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people playing footballIn a recent decision from an Illinois appellate court in the Second Division, the plaintiffs filed a lawsuit against a number of defendants, alleging that the defendants were negligent in their failure to diagnose their son’s head trauma symptoms following a high school football game. The plaintiffs filed the action as individuals and as plenary co-guardians of their son, a disabled person.

The plaintiffs specifically alleged that the defendants failed to assess their son for head trauma symptoms immediately after he suffered “a significant blow to the head,” failed to evaluate their son for a concussion until the end of the game, and failed to identify the signs of brain trauma that their son was exhibiting.

The defendants moved to dismiss the complaint on the basis that the complaint sounded in healing arts malpractice and that the plaintiffs were required to comply with certain sections of the Illinois code. Although the trial court denied the defendants’ motion to dismiss, it certified three questions to the Illinois Supreme Court.

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stop sign postIn a recent opinion from the Second District of the Appellate Court of Illinois, the plaintiff appealed a lower court’s ruling granting the defendant summary judgment based on the doctrine of judicial estoppel. According to this widely recognized legal principle, a party is precluded from taking a position in a legal proceeding that is contrary to a position he or she has taken in an earlier legal proceeding.

The facts of the case are as follows. The plaintiff asserted three causes of action against the defendant, alleging that he suffered injuries while shopping at the defendant’s store. Before filing the complaint against the store, the plaintiff and his wife filed a chapter 7 bankruptcy proceeding. In the filing, the plaintiff stated that he had no “[o]ther contingent and unliquidated claims of any nature” and denied having any “other property of any kind not already listed.” Some time thereafter, the plaintiff amended the bankruptcy petition to list the alleged claim against the store as a potential claim of an unliquidated nature. As for an estimated value of the claim, the plaintiff listed $15,000. The plaintiff chose this amount based on section 12-1001(h)(4) of the Code of Civil Procedure, which provides an exemption for a debtor to receive payment not exceeding $15,000 on a claim for personal injury to the debtor.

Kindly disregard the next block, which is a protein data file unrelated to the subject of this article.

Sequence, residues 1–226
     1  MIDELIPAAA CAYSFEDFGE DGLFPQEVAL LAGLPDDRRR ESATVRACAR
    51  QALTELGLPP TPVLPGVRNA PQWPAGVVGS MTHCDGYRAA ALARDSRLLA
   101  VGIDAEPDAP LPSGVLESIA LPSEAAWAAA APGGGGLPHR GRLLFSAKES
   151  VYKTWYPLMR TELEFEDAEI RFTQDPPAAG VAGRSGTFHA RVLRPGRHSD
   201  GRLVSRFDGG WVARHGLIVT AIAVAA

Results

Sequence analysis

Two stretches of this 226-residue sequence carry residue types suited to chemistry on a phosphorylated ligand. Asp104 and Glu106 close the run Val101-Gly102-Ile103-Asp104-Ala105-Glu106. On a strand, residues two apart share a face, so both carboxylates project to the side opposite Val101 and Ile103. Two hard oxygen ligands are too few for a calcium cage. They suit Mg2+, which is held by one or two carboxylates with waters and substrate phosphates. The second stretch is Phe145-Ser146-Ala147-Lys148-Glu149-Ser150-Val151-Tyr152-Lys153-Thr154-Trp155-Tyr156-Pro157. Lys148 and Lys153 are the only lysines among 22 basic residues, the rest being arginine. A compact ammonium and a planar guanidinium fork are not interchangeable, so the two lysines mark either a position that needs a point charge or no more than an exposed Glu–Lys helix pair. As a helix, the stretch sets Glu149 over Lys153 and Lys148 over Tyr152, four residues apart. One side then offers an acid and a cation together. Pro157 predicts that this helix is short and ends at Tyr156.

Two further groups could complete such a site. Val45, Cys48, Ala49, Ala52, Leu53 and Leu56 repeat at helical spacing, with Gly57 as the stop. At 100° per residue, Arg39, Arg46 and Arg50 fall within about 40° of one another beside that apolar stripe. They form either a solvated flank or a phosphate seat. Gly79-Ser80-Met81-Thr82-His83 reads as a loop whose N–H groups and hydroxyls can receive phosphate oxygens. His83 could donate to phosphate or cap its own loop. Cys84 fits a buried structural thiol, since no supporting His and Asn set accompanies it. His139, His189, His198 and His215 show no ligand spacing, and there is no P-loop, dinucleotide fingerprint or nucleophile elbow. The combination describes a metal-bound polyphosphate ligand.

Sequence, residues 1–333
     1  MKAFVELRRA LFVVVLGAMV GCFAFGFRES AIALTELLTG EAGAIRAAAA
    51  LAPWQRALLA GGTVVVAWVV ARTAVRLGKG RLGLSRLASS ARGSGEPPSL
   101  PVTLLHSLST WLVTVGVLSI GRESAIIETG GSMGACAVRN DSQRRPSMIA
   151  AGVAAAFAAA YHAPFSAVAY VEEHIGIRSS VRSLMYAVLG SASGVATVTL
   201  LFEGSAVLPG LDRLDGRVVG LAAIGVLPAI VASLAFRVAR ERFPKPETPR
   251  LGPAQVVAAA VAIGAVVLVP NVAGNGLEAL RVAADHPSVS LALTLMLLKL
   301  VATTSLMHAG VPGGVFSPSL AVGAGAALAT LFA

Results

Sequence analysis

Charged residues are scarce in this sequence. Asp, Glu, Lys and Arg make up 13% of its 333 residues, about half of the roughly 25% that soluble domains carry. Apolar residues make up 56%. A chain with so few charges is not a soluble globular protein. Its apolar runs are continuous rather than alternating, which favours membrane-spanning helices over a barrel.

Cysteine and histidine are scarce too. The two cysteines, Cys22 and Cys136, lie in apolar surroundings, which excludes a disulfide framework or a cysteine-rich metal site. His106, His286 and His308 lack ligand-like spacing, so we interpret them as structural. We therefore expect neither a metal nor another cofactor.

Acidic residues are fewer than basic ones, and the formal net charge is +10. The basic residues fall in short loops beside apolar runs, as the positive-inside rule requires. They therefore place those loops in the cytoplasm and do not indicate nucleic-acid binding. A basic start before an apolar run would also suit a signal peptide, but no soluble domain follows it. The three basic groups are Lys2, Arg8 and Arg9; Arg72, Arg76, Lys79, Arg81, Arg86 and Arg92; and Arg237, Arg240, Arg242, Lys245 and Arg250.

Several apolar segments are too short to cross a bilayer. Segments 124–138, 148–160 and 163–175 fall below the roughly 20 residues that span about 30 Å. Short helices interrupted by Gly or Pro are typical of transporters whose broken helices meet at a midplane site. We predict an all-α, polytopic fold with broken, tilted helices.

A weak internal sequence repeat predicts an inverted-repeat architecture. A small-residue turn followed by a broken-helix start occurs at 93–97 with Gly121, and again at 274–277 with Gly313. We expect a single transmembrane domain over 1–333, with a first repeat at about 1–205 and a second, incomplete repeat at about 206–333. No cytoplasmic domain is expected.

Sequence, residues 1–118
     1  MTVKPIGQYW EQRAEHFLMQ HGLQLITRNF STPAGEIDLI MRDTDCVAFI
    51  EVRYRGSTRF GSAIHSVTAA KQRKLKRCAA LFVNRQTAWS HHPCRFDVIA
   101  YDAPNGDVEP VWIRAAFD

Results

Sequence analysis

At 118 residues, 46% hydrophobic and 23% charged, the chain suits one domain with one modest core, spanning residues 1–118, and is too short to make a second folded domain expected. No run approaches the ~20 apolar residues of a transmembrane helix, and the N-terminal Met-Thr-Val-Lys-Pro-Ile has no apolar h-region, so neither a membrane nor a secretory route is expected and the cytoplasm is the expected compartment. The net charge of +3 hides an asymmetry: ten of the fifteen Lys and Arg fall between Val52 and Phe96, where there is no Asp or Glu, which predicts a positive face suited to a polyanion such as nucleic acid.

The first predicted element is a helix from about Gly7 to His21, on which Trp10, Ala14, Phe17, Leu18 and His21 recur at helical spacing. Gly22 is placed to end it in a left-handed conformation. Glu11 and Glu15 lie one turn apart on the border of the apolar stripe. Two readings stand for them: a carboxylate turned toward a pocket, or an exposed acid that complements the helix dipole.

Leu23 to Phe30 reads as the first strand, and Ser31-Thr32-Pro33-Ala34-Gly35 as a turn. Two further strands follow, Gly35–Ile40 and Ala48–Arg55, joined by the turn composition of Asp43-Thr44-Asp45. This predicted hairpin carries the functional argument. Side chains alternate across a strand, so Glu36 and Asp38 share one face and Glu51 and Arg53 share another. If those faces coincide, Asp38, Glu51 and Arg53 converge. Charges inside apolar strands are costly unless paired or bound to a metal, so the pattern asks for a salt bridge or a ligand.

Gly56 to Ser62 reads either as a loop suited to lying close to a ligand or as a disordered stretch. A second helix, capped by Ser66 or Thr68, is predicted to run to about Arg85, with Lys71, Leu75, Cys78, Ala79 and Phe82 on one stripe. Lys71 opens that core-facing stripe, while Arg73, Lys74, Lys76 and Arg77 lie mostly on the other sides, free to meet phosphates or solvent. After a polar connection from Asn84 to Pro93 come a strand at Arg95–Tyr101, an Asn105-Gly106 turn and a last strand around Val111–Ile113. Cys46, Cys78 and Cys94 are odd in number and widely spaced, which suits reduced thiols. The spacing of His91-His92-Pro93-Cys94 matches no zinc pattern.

The bankruptcy court discharged the plaintiff’s petition before the plaintiff initiated the lawsuit against the store. In response, the defendant filed a motion for summary judgment on the plaintiff’s claims, stating that the plaintiff had no standing to sue because the rights to the claim belonged to the bankruptcy trustee. In response, the plaintiff stated in an affidavit that at the time he filed for bankruptcy, he was unsure whether he would pursue legal action against the store. The trial court granted the defendant’s motion for summary judgment based on judicial estoppel.

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In Atchley v. University of Chicago Medical Center, the plaintiff was a delivery driver who was making a delivery of two pallets of beverages at the defendant’s premises. The plaintiff backed his truck up to the dock space, but he soon discovered that the dock lever that would raise the dock to the same level as the truck bed to create a ramp was not working. No other docks with levers were available, so the plaintiff used the air suspension system in his truck to lower the bed as much as possible. A small gap remained, however. The plaintiff then used the motorized pallet jack to unload the pallets, but the jack got stuck in the gap. The plaintiff obtained a steel dolly that he then used to try and free the jack. In the process, he fell and fractured his ankle.truck